Hello and welcome to another installment of the Blightmare development blog! Today’s post is going to take a look at a recent iteration cycle that one of our mechanics went through to show how incremental improvements can be a useful tool for a small team.
Before we dive in, I want to make it clear that all the “art” you will see here today is placeholder. It is what many people call “programmer art” and does not represent what the final visuals will be. In addition, the names that I will use to refer to a mechanic are also not finalized in any way and often represent the first thing that came to mind by someone on the team.
One of the creatures that Blissa encounters on her journey is the PokePine. This little guy is one of the most powerful mechanics in the game because when you have one in your net, you can use it to hang from any wall that your net hits. Capturing a PokePine in the first place can be a bit risky, but the reward is well worth it. Here’s a short video of the first implementation of the PokePine in game:
There’s a short windup phase before the PokePine starts rolling at you with spikes out, but once you capture it, the spikes can be put to good use. The horizontal lines here are raycasts that look to see if there is something to attach to. When there’s a hit, the PokePine is moved to the hit point, and Blissa hangs there. This reused a lot of code that we already had, so the whole thing only took a couple of hours to put together.
This implementation made it into the game around October 2019, and it was like this until just a couple of weeks ago. In that time, the levels that use the PokePine were built and partially tested. In the video you can pretty easily see some of the rough edges in the implementation as a result of just bundling together what we had instead of making something specific to solve the problem. In particular: Blissa teleports to her hang point which is rather jarring; Blissa can’t hang on a surface that is horizontal, even if it looks like she should; and the attach detection is pretty far removed from where the PokePine in the net is visually. However, despite all these issues, the mechanic works well enough to get a level roughed in. This is important because it means that the designers aren’t blocked by programming. An absolutely critical part of working in a small team is allowing parallel work. This means that we have to keep a sharp eye out for dependencies between people and make sure we prioritize tasks in a way that prevents blockage.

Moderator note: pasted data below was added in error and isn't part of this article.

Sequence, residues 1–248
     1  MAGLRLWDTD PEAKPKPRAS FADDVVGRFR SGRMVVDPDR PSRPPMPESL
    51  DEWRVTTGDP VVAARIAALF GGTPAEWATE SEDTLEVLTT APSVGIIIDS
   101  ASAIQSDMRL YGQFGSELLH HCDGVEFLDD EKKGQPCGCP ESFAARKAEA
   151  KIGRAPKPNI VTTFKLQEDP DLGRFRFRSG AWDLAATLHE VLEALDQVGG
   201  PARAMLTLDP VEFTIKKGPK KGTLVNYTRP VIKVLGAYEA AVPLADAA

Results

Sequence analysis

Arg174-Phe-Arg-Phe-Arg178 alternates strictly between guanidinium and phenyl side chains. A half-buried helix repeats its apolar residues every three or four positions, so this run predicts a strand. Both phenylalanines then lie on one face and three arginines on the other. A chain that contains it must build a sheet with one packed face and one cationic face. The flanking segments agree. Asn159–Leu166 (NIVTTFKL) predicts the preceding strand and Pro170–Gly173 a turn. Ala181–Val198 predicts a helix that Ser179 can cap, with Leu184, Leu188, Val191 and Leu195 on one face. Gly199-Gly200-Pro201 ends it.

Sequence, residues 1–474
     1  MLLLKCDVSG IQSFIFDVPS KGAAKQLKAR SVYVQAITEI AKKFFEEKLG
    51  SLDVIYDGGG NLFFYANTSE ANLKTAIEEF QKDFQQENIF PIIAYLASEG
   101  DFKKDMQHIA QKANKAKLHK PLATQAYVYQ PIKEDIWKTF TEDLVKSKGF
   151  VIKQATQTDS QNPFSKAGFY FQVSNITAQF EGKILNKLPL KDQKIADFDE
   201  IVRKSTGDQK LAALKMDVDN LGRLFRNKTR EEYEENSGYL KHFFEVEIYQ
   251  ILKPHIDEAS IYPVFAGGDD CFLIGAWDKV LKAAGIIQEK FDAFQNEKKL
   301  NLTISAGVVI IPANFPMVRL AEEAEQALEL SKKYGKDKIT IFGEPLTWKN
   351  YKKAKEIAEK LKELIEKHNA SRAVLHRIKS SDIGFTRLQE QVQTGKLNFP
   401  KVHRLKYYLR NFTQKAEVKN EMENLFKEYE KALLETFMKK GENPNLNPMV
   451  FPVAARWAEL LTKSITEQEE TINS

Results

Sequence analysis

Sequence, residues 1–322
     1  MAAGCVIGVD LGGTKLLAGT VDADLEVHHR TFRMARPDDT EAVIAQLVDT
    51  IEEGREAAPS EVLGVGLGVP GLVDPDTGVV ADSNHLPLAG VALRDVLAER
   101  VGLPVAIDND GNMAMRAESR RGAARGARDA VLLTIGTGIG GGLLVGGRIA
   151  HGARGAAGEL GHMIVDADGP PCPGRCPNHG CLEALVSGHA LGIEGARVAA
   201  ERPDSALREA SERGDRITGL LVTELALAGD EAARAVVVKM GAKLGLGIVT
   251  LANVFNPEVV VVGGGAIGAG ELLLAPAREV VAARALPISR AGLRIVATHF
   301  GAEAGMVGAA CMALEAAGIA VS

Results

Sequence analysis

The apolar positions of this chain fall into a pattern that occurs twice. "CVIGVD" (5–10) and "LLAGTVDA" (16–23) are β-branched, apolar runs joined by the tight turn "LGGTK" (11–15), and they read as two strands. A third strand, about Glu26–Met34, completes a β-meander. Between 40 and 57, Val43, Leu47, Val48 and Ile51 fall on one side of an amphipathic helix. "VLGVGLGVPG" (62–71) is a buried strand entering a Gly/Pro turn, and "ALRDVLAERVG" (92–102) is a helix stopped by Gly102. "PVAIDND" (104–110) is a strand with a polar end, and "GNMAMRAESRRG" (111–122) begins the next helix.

Fast forward to a few weeks ago. In one of our weekly meetings, there was some discussion about how the PokePine didn’t feel as good to play as it should, and that prompted me to revisit it. This time around, I had some examples of how the mechanic was intended to be used to work with. In particular, climbing up a wall to a ledge was a pretty common thing to do, and that meant that attaching to a horizontal surface (the ledge) would be a big improvement to how things worked. I also wasn’t very happy with how static and woody Blissa felt while grabbing onto various pieces of terrain, she should be swinging around a bit after latching onto something. In addition to not feeling or looking great, it was possible to attach to the inside of the terrain which results in all manner of bad things – typically just falling infinitely or if you’re lucky, dying.
In order to get a natural attach behavior, I needed to use a systemic approach that would just settle based on gravity. Once that was in-place, the logic that decided if we should be attached to the wall or not would need to get a lot tighter, and with a little luck, things would be good. With that plan, I got to work.
I added simplistic angular velocity support into our physics object to provide the systemic support for falling while attached to a point. This integrated pretty nicely into the rest of the movement system and after adding some features for damping and breaking an attachment, this feature may be able to replace the more controlled swing arc in the dragonfly. There are reasons why we don’t want to do that as well, but I will save that for a later discussion.
The next thing on the list is making the attach point detection a lot better. The idea that I had is just to treat the caught PokePine as if it were a “live” physics object while it tracked the net and then if it ever had a collision that prevented the full movement request, we just use the normal collision resolution code to ensure that the attach point is valid. This worked for the most part, except when the net actually started entirely inside terrain. In this case, the PokePine would collide with the edge of the terrain as it leaves, resulting in an attachment inside the terrain. To address this, I make sure that the starting point of our movement test is not overlapping a collider that we are trying to avoid. In my tests, this solution performs well, but these literal edge cases are always difficult to track down completely. Here’s a video of what things look like now:
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